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Proc Natl Acad Sci U S A. 2008 Mar 25;105(12):4745-50. doi: 10.1073/pnas.0705680105. Epub 2008 Mar 17.

PHDs overactivation during chronic hypoxia "desensitizes" HIFalpha and protects cells from necrosis.

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  • 1Institute of Signaling, Developmental Biology, and Cancer Research, Centre National de la Recherche Scientifique, Unité Mixte de Recherche 6543, University of Nice, Centre Antoine Lacassagne, 06189 Nice, France.

Abstract

Cell adaptation to changes in oxygen (O(2)) availability is controlled by two subfamilies of O(2)-dependent enzymes: the hypoxia inducible factor (HIF)-prolyl and asparaginyl hydroxylases [prolyl hydroxylases domain (PHDs) and factor inhibiting HIF (FIH)]. These oxygen sensors regulate the activity of the HIF, a transcriptional complex central in O(2) homeostasis. In well oxygenated cells, PHDs hydroxylate the HIFalpha subunits, thereby targeting them for proteasomal degradation. In contrast, acute hypoxia inhibits PHDs, leading to HIFalpha stabilisation. However, here we show that chronic hypoxia induces HIF1/2alpha"desensitization" in cellulo and in mice. At the basis of this general adaptative mechanism, we demonstrate that chronic hypoxia not only increases the pool of PHDs but also overactivates the three PHD isoforms. This overactivation appears to be mediated by an increase in intracellular O(2) availability consequent to the inhibition of mitochondrial respiration. By using in cellulo and in vivo siRNA, we found that the PHDs are the key enzymes triggering HIFalpha desensitization, a feedback mechanism required to protect cells against necrotic cell death and thus to adapt them across a chronic hypoxia. Hence, PHDs serve as dual enzymes, for which inactivation and later overactivation is necessary for cell survival in acute or chronic hypoxia, respectively.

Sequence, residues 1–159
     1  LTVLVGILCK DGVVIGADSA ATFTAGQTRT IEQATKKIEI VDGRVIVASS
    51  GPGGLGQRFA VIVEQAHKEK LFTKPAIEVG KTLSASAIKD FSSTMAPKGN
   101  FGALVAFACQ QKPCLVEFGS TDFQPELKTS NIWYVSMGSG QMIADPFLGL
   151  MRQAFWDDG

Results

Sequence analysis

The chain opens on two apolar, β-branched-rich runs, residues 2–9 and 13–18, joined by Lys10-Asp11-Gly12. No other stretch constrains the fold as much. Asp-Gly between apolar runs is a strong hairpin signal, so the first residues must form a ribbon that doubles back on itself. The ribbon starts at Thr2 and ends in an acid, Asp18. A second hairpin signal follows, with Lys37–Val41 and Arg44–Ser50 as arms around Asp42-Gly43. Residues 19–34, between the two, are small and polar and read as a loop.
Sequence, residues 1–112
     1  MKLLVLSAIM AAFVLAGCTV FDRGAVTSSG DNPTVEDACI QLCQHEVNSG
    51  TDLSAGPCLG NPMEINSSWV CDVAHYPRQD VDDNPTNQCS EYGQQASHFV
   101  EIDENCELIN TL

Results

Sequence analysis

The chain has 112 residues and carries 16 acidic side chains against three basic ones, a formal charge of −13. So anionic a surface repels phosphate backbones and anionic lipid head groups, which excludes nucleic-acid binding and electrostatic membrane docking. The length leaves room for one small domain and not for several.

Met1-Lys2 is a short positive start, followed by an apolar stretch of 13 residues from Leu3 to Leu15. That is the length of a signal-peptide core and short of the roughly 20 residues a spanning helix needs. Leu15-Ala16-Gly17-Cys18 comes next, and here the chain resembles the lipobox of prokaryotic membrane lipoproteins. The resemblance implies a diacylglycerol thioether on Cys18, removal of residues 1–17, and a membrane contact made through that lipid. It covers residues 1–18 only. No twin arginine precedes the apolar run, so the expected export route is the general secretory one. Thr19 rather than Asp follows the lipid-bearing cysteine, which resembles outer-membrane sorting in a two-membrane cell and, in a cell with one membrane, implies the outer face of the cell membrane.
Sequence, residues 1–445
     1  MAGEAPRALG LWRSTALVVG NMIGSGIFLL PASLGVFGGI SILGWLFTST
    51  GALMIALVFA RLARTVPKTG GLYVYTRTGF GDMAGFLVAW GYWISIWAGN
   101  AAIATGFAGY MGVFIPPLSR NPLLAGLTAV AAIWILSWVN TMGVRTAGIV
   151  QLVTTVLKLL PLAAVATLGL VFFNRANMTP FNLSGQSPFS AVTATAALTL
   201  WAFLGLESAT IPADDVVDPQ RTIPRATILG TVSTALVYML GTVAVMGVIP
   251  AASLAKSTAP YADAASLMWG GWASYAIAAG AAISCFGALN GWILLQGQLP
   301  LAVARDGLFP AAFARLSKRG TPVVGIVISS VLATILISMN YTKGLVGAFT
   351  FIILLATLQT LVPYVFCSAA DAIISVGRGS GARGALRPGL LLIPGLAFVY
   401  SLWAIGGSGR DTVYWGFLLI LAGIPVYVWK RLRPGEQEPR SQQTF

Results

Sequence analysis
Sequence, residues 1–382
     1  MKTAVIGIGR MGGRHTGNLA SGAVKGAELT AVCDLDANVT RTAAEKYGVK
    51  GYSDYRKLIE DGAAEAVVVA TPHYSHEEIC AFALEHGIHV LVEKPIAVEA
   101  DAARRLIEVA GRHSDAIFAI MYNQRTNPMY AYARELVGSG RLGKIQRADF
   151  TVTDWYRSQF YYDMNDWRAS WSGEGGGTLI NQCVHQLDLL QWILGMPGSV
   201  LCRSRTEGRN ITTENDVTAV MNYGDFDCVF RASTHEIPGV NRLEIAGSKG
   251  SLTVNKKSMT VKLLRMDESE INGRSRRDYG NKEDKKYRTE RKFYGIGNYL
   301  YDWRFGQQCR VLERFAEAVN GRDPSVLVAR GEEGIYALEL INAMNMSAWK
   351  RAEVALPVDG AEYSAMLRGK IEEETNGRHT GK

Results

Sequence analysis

PMID:
18347341
[PubMed - indexed for MEDLINE]
PMCID:
PMC2290777
Free PMC Article
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